Measuring Office Visit Cycle Time

By Tom Ludwig, RN, MBA, FACMPE

Does your practice receive patient complaints about long waits during the visit? Do you have a physician who is constantly behind schedule? Prolonged waiting times affect your practice in several ways. Patients can become dissatisfied to the point of leaving your practice. Physicians and staff become frustrated with delays that can result in long hours and patient complaints.

There are a variety of reasons for prolonged waiting times. Patients who arrive late, staff who take too much time with patients, providers who try to do too many things at once, and poor communication within the office are just a few of the many possible causes. Are you not sure where the problem lies in your practice? It might be time to measure your office visit cycle time.

According to the Institute for Healthcare Improvement (IHI),  office visit cycle time “… is the amount of time in minutes that a patient spends at an office visit. The cycle begins at the time of arrival and ends when the patient leaves the office.” Measuring the office visit cycle time can help you identify where the bottlenecks exist in your practice.

When measuring cycle time, you can measure as few or as many steps in the patient visit process as you wish. The fewer steps you measure, the easier it is – but you get less information. The more steps you measure, the more helpful your information will be – but it will also be more resource-intensive. The steps you will want to consider are:

• Patient appointment time
• Time patient checks in at desk
• Time patient is taken to exam room by staff
• Time staff leaves the room
• Time provider enters the room
• Time provider leaves the room
• Time patient leaves the room
• Time patient checks out at desk

IHI recommends that you measure a total of 15 patients in order to get a good average cycle time. The patients should also be measured on the same day of the week and at the same time of the day. Depending on your specialty – or where you think your bottlenecks are – you might also want to include lab, x-ray, or certain procedures in your cycle time measurement.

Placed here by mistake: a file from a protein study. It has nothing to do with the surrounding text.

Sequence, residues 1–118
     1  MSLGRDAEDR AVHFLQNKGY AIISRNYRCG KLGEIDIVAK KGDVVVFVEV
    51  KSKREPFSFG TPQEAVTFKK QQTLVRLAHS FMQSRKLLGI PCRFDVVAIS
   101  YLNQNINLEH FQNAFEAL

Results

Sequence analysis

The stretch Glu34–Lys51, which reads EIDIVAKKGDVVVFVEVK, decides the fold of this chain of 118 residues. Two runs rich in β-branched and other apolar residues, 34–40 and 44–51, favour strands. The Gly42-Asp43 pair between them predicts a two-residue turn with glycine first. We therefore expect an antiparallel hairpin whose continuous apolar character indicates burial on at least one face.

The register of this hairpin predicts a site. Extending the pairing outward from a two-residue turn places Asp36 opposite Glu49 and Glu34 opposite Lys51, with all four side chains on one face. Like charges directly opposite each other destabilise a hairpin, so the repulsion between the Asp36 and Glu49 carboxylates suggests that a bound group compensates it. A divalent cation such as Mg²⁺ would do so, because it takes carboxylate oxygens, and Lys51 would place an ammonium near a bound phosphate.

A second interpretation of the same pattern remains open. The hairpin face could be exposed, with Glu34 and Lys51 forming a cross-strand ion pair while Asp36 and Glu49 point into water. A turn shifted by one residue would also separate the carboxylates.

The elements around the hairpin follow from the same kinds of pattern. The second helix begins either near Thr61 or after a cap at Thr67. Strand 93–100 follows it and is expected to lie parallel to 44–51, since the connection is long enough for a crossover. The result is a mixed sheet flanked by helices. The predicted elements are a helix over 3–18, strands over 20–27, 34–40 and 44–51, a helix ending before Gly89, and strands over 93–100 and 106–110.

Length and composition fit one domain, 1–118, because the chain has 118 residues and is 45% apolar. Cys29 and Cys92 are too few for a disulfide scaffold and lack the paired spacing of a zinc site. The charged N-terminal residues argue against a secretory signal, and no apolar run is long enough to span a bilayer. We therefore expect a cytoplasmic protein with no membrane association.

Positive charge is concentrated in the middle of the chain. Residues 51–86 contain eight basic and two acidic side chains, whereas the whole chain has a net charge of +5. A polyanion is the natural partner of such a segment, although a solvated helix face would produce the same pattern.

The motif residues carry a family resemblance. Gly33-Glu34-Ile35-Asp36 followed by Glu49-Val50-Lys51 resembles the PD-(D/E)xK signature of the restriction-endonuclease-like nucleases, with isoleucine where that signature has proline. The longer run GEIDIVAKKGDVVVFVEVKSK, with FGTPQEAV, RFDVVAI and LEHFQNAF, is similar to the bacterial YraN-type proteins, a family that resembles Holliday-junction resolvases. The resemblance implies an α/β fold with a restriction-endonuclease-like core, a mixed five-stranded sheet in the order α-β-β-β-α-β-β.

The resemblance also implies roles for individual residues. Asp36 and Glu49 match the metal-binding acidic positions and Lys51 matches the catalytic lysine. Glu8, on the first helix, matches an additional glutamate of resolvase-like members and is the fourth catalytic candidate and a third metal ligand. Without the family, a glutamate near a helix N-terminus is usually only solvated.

Cycle time can be measured manually or, depending on the sophistication of your electronic health record (EHR), automatically. The manual method can be done by staff or by patients. A sample form can be found at IHI’s web site, Patient Cycle Tool If you prefer to try to automate it, many EHRs are able to time-stamp several important steps in the cycle: patient check-in, staff logging in and out of the record, providers logging in and out of the record, and the end of the visit (closing the encounter).

Once you’ve identified where the bottleneck exists, focus on that step in the cycle and use basic process improvement tools (process mapping, plan-do-study-act cycle) to make changes that will improve your cycle time.

When measuring cycle time for the first time in your practice, you should consider doing several (if not all) of your providers. This will not only enable you to get an overall average for your practice, but you can also identify best performers within your practice and use them as a model for the others. As for a standard benchmark, IHI suggests that you take the amount of time that a patient spends with the provider and multiply that by 1.5. For example, if a patient spends 20 minutes with the provider, the ideal cycle time would be 30 minutes (20 x 1.5 = 30).

Improving patient cycle time can help reduce waiting times in your practice. It can become a valuable aspect of your practice’s quality program. It not only makes the practice more efficient, it is also a great satisfier to patients, staff and providers.

© 2011 Efficiency in Practice

Tom Ludwig is President and CEO of Forward Healthcare Solutions, LLC, a consulting firm that specializes in working with physician practices. Tom has worked in the physician practice setting for a variety of organizations for 35 years. He has extensive experience in clinic operations management with expertise in strategic and business planning, process improvement and workflow efficiency, advanced access, supervisory training and leadership development. Tom can be reached at or

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